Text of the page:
Imran Khan and his powerful supporters have poisoned the public mind about accountability and corruption. These words have become trite and devoid of any material value. The irony is that the common man faces corruption when he or she enters police station, a subordinate court, a local government agency or for that matter conducts any business with the state. Jinnah in his 1947 speech had spoken about bribery as a curse that the newfound country had to counter. But 72 years later, bribery is as pervasive as the ideas that flow from Pakistan Studies curricula textbooks.
If the state were interested in curbing corruption, they would have tackled the everyday humiliation that an ordinary Pakistani faces or reform the police department that operates as an embedded extraction system. But who will tell this to the all-knowing PM of ours? He has already wasted 16 months and is following the same path that General Musharraf followed after 2 years in power.
Musharraf had incarcerated all the tycoons, bureaucrats and politicians to recover ‘looted money’ in 1999 when NAB had a fierce general as its head. Within two years, the economy tanked and the growth rate fell as the business community refused to invest money. At that moment, wise counsel fell over Musharraf who knew for the stability of his dictatorship, he needed high level of economic growth and consumerism. Along with the reversal of the accountability process, 9/11 helped inject large amount of foreign exchange into the economy, thereby creating the bubble that is now cited as a defence of dictatorships. Therefore, Imran Khan’s change of heart is nothing but a deja vu moment. The truth is that if you squeeze big business, they get back at you and that too in a vicious manner. If there is a need to regulate the big business then there are bodies such as Competition Commission of Pakistan among others. The NAB stick is highly unsuited instrument to tackle corporate malfeasance.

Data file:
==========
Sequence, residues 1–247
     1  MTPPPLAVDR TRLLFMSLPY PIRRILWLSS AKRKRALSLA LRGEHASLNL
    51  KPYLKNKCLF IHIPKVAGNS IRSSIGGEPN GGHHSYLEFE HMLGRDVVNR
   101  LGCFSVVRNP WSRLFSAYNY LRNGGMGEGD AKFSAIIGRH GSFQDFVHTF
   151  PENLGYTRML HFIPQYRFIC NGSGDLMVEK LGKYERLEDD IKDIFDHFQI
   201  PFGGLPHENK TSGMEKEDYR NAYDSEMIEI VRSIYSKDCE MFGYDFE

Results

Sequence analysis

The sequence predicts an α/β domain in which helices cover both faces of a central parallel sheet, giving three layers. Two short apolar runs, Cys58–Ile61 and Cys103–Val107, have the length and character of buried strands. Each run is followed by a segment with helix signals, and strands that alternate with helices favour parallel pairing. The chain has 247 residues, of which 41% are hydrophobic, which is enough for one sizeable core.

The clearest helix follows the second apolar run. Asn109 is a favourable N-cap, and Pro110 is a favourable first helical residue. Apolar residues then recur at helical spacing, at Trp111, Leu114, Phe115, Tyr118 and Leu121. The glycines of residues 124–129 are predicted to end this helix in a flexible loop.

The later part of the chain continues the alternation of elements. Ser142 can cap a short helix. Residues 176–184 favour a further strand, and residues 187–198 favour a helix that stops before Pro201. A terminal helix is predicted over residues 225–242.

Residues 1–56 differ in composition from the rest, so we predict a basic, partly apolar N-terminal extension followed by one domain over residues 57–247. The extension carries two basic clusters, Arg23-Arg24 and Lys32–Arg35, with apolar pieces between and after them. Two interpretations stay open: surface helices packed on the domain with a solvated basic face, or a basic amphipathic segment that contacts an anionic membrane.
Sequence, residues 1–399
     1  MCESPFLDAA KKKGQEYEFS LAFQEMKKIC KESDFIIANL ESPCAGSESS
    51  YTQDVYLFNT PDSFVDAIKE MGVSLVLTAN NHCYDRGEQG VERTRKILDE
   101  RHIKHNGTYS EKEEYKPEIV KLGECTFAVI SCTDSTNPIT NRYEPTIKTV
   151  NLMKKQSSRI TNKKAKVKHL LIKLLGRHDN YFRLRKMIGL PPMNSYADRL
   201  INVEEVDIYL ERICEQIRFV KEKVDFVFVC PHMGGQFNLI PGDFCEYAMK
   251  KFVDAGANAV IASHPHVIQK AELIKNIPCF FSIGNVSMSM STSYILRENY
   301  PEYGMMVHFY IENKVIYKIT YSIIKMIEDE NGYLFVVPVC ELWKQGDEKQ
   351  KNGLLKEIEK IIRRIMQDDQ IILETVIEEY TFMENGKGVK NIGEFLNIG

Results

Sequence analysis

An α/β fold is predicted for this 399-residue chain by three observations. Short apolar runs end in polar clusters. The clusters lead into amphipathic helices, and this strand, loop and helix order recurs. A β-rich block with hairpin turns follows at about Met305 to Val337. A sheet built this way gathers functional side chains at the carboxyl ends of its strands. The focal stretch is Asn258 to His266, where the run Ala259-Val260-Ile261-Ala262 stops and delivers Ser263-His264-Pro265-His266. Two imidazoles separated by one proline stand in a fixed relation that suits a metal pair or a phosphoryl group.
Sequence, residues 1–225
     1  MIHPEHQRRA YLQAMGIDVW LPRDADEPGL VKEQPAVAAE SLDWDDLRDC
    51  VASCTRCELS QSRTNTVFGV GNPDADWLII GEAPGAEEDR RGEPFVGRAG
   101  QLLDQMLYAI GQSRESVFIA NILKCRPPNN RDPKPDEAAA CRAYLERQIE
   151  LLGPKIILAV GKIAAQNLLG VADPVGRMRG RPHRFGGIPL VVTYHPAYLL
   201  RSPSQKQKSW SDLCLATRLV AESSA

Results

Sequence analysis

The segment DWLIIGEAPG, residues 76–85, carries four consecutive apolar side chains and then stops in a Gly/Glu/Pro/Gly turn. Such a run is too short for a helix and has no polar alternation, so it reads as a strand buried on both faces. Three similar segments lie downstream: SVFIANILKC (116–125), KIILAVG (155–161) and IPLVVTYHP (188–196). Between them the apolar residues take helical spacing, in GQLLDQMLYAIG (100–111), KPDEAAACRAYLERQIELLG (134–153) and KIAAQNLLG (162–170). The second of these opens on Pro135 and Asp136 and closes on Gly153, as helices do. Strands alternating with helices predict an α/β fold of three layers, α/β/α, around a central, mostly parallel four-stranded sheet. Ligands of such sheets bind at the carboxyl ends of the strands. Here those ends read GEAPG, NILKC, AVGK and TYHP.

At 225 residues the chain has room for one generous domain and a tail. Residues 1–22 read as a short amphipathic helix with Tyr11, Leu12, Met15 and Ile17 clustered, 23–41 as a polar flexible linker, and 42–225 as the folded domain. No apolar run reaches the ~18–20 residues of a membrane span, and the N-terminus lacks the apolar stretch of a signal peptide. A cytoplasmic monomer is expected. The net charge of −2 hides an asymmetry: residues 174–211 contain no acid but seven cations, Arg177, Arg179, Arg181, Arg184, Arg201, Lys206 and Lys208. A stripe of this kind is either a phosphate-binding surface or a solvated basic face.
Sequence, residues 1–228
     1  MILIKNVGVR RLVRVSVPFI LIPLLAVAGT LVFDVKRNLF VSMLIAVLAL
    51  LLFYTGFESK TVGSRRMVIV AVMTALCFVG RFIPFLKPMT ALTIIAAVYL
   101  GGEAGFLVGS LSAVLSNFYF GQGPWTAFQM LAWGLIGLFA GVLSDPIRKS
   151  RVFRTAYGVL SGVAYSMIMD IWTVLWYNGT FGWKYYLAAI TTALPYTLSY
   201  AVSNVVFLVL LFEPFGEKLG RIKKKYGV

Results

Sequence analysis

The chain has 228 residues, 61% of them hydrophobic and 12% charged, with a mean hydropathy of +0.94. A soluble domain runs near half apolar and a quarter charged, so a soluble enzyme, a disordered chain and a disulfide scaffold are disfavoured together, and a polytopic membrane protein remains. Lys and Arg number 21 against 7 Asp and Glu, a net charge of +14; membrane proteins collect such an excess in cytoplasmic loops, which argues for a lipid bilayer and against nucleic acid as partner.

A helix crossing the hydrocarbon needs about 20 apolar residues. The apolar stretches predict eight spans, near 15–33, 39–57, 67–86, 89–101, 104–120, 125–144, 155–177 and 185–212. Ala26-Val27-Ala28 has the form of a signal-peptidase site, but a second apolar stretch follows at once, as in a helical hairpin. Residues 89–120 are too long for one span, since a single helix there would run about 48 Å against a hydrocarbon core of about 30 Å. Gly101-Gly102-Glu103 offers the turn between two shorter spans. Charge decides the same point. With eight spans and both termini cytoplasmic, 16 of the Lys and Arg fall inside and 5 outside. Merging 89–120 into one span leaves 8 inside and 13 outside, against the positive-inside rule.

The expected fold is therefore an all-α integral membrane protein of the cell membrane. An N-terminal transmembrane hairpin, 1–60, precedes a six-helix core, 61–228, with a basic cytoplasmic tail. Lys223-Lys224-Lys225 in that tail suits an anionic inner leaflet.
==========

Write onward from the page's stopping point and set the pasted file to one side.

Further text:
Accountability slogan is even more ironic when the ruling party has embraced the same ‘looters’ and ‘dacoits’ in its fold and refuses to proceed against them while persecuting the opposition. It is also a sham because the ruling party fails to hold those to account who have embezzled money in the construction of BRT in Peshawar or land mafia that grabs land belonging to the poor peasants and launders money with no check.
Meanwhile, the royal failure to even question Malik Riaz has exposed the limits of Imran Khan’s power and intentions. We knew that he was sharing power, but the fact that he is completely powerless has just been certified by the new amendments or the in-camera cabinet proceedings about the Malik Riaz case.
To save himself itself from further embarrassment, the government should immediately release Shahid Khaqan Abbasi, Ahsan Iqbal and bureaucrats such as Fawad Hassan Fawad and Ahad Cheema who are merely paying the price of the perception that they are Sharif loyalists. Even if they are, they should be prosecuted under civil service laws and not be locked like murderers or dacoits.
Enough is enough.